The Sony Xperia Ear Open-Style Concept is a hands-free personal assistant that uses bone conduction to transmit sounds to your ears.
Sony's expanding its XB Series headphone line with four new models, including the wireless MDR-XB950N1, which includes active noise cancellation.
It's got some small downsides, but the reasonably priced Sony MDR-XB50BS is a step up in sound from a lot of inexpensive wireless sports headphones.
If you can overlook a few small drawbacks, the MDR-1000X is a top-notch wireless noise-canceling headphone that's stacked with features and sounds excellent.
Priced to compete with Bose's QuietComfort 35, the comfortable H.ear On Wireless NC offers impressive sound and noise canceling that make it a strong contender in the category.
While it would stand out from the competition more if it cost a little less, the Sony H.ear On MDR-100A is a likable over-ear headphone that's comfortable, sounds good, and is attractively designed.
While expensive, the well-built and supercomfortable Sony MDR-Z7 can go toe to toe with competing high-end audiophile headphones.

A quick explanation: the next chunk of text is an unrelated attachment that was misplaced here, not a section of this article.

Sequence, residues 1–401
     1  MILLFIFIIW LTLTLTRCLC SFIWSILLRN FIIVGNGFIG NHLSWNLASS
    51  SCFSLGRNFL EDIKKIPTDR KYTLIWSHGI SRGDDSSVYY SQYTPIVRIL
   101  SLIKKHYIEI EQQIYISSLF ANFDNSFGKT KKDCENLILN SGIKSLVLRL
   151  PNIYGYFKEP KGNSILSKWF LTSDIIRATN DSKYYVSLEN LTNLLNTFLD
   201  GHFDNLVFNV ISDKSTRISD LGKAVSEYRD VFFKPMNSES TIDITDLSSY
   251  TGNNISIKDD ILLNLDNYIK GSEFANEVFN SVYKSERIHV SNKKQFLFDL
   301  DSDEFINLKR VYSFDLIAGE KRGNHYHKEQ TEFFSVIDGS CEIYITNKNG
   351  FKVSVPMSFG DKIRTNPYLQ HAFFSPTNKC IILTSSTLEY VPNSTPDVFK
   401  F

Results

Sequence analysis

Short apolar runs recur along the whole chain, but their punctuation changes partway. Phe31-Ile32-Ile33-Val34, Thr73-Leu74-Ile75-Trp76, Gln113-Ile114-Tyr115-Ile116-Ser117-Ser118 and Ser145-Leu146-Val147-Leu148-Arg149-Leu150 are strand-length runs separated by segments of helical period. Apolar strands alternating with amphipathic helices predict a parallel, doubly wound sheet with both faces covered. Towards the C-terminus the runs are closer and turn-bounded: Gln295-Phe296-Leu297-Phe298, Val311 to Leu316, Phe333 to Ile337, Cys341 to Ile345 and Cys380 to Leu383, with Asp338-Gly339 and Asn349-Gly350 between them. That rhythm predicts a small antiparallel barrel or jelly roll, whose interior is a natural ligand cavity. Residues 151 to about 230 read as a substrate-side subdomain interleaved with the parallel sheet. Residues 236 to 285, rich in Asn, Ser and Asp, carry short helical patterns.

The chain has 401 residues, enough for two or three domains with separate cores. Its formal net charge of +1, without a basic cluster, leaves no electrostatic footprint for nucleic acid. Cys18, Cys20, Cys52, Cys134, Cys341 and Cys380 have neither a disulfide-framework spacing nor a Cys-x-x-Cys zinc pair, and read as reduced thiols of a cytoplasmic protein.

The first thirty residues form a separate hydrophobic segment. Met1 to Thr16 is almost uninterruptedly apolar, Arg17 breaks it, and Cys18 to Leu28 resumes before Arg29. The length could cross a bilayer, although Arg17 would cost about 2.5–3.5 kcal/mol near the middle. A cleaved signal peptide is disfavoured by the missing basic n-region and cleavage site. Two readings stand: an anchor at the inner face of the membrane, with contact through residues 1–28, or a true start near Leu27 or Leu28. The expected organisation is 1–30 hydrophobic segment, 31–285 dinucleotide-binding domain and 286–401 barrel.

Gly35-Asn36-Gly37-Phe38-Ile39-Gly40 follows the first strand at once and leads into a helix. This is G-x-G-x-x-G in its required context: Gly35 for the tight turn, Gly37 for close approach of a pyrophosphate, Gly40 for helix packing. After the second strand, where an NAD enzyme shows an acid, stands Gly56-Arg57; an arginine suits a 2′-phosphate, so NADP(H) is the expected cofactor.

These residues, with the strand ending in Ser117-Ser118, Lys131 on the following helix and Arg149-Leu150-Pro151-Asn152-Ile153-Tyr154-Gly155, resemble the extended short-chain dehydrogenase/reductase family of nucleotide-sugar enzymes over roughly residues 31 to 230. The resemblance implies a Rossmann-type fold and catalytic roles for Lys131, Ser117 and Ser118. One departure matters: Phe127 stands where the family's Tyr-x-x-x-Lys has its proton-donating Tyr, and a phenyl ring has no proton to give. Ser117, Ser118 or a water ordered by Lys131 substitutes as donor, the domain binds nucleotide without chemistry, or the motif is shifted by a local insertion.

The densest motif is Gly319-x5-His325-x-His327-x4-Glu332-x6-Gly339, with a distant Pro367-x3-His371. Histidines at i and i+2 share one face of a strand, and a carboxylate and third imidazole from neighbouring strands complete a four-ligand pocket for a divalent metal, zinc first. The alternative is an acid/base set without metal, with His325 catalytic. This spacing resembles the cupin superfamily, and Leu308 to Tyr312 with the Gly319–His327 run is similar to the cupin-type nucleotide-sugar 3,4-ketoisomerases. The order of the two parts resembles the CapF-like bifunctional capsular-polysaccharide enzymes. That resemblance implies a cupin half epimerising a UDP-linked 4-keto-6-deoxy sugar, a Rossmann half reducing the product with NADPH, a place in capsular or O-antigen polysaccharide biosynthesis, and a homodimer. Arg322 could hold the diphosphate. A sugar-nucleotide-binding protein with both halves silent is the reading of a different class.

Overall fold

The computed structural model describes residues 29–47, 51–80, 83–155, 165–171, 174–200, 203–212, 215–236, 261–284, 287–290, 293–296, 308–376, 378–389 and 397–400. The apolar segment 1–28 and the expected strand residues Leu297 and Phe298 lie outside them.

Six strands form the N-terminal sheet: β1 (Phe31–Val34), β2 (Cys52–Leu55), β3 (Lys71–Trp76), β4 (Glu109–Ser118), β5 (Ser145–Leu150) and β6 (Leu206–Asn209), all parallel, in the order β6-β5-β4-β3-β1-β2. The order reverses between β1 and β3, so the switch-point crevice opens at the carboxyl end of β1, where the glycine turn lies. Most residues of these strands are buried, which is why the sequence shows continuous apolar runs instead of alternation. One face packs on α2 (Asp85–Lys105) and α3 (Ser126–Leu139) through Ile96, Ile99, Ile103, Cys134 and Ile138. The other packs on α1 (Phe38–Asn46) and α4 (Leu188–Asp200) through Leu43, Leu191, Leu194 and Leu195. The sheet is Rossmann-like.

While it isn't quite as good as the Beats Studio wireless, Sony's MDR-ZX770BN is a quality Bluetooth headphone and costs significantly less.
The supercomfortable Sony MDR-1A does a good job balancing clarity with just enough of laid-backness to make it a very versatile headphone that's well worth considering if you're looking for a full-size headphone in the $250-$300 range.
The Sony MDR-10RBT gets you about 75 percent of the way to the Beats Studio Wireless for a lot less money.
The MDR-XB950BT Extra Bass Bluetooth Headset is a $199.99/AU$249.95 wireless headphone that -- you guessed it -- serves up a generous helping of bass.
They've been around since 1991, but the Sony MDR-7506s are still great sounding -- and fitting -- headphones for less than $100.
They may be close to 30 years old, but the comfortable fitting Sony MDR-V6s are arguably the best-sounding headphones for under $100.
It's true that Sony's MDR-1R headphones come with a lofty price tag, but if you're searching for highly accurate-sounding headphones with style and substance, they deserve your attention.
Sony's XBA-1iP entry-level headphone has a clear, transparent sound that's well-suited for buyers craving high-resolution fidelity for $100.
Sony's audiophile-grade XBA-4 in-ear headphones deliver highly refined sound, with potent bass, airy treble, and excellent noise-isolating performance.
The Sony XBA-NC85D is marginally effective at canceling noise and its disappointing sound quality does nothing to offset the exorbitant price.
If you can't afford Bose's QuietComfort noise-canceling headphones, the attractively designed and more affordable Sony MDR-NC200Ds are worth your consideration.